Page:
The following questions and answers are excerpted from a conversation that followed the NBR screening of Nightcrawler.
How did you come up with this idea, and learn about this world?
Gilroy: The original idea came when I was exposed to the world of Weegee, the New York crime photographer. He was the first person to put a police scanner in a car, way back in the 1930’s. I just loved his photographs. And I thought it was a very interesting idea. And as it turns out, Joe Pesci did a movie on a similar subject called The Public Eye. When I moved to Los Angeles, I heard about the modern equivalent of Weegee, which are these “Nightcrawlers” who drive around at a hundred miles an hour with a dozen police scanners in their cars. As a screenwriter, this struck me as a very vibrant, kinetic world that I’d never seen before. And as interested as I was in this world, it didn’t really come together until the character of Lou plugged into the picture. So that’s when it actually became more of a character study – as opposed to the study of a world – in spite of how interesting I thought that world was.
Lou’s hunger, his drive, his ruthlessness, mimic that of a wild animal.
Can you discuss how you approached the character of Louis?
Gyllenhaal: Very early on, Dan and I were talking over the character and how we saw him. And Dan said to me, “I see this as a success story,” and I loved that— it was just brilliant to me. And he went on to describe how even though Los Angeles is a huge metropolis, it’s also surrounded by areas that are completely inhospitable to people: Deserts. Mountains. Ocean. And at night the edges of the city just fall off into blackness and nothingness. Wild animals come down from the mountain ranges and they infiltrate the city, scrounging for food. And I remarked that Lou was like a coyote, and he just said, “Yes, perfect!” And we went from there. I felt like Lou’s hunger, his drive, his ruthlessness, mimic that of a wild animal. I wanted him to be literally and figuratively hungry—I wanted him to walk into a scene, and to just to eat up whoever was playing opposite me, to drive through them until he got what he wanted. To not really hear what they’re saying, to just have my own agenda. And when you’re hungry, you only have one agenda; it’s primal. So that’s how it all started.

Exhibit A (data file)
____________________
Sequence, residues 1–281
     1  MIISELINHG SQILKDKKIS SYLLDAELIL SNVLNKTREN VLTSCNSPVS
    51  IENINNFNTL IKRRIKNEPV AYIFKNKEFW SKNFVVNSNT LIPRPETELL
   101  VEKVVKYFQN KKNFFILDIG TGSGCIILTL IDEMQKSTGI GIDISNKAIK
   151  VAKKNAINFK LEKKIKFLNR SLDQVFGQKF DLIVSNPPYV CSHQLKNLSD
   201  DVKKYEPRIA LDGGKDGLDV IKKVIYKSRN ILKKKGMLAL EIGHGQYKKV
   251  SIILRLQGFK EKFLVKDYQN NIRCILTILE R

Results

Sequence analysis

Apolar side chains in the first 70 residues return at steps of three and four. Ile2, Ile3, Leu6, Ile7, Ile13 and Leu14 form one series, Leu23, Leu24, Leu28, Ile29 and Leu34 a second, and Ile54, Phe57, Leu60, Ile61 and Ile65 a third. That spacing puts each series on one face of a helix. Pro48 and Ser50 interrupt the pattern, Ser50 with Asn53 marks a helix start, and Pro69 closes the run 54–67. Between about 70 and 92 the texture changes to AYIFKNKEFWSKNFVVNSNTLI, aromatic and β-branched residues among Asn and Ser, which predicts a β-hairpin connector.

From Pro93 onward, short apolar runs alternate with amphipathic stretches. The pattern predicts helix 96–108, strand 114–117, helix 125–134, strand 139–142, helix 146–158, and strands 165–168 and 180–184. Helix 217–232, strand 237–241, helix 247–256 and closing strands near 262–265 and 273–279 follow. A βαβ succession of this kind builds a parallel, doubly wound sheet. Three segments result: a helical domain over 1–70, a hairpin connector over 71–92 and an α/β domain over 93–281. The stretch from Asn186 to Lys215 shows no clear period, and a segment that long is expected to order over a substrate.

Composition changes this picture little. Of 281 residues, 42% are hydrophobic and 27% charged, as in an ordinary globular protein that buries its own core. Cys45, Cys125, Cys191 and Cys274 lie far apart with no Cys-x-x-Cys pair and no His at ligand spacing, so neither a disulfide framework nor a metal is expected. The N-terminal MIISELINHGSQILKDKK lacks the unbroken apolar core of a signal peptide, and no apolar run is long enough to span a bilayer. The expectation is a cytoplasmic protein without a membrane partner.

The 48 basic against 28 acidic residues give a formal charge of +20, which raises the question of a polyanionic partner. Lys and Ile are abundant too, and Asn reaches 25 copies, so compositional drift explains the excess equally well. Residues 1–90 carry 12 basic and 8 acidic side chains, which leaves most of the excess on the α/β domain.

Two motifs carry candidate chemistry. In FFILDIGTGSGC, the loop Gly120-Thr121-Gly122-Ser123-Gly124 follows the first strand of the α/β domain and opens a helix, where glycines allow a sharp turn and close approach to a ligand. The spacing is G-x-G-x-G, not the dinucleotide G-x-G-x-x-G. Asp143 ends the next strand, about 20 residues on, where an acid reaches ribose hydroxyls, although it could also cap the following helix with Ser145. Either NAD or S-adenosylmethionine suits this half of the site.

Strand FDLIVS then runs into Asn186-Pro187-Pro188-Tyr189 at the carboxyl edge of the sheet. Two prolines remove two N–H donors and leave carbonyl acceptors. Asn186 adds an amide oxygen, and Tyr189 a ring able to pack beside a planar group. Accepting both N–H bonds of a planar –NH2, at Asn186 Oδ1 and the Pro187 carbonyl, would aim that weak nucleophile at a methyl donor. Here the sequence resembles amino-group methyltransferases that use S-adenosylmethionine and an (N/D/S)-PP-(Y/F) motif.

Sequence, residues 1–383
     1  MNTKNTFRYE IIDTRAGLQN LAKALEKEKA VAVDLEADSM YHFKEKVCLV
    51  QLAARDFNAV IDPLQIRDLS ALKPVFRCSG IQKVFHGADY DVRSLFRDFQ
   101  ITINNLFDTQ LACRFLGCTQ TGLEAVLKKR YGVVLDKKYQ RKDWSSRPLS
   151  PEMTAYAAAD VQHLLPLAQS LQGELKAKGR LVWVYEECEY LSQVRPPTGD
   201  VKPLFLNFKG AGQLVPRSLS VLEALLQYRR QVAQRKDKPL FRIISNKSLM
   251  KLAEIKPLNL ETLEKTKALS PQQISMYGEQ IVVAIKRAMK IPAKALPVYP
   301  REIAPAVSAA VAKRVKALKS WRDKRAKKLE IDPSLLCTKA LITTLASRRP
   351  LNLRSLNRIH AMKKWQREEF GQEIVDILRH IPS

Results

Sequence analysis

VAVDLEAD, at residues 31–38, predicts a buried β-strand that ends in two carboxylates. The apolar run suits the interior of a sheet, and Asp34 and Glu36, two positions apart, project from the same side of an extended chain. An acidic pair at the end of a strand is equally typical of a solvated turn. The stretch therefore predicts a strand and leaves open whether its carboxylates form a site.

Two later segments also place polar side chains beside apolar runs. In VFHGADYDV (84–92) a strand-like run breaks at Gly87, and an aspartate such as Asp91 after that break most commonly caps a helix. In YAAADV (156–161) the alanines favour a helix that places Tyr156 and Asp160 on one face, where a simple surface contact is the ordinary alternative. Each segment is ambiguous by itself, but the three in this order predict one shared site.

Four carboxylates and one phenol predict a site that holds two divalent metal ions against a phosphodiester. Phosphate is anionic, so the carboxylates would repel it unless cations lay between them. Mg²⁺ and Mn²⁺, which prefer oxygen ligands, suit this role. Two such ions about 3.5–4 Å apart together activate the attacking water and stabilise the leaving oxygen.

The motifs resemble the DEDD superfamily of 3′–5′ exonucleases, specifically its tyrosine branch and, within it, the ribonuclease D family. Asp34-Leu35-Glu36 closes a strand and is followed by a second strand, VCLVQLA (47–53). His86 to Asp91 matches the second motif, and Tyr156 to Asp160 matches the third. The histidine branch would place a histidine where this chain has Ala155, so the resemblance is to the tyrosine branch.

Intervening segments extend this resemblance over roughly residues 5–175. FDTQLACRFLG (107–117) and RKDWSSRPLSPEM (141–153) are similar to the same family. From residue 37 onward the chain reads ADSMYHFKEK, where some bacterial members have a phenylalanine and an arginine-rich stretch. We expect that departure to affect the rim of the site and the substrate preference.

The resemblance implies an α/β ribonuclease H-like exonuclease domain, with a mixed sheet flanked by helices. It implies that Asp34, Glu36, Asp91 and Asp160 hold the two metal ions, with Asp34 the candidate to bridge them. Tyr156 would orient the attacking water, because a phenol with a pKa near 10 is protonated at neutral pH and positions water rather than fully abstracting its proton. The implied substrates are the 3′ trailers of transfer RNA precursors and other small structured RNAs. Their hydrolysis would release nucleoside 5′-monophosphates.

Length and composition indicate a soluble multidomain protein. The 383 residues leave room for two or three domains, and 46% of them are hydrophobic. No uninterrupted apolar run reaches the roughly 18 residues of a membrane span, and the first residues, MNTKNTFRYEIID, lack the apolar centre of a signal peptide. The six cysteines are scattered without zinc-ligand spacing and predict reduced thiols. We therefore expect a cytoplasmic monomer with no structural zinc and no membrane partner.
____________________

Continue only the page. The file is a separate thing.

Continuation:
Ms. Russo, could you talk about becoming involved in the film?
Russo: Well, it helps to be married to the director! And he told me he was going to write a part for me, and I said, “Ok,” but thought nothing of it really—I mean, it’s hard to get a movie made, particularly one like this. So he gave me the script, and I thought it was brilliant, but I remember saying that the female lead needs some work! But you know… it didn’t. It took me a long time to discover Nina, because I’m not by nature a cutthroat person. So I didn’t know at first how to get a handle on her. But if I do ever cross moral boundaries, it’s usually because I’m afraid. Or I’m desperate. So once I found that, I was good to go with her. But it took me a while to find that.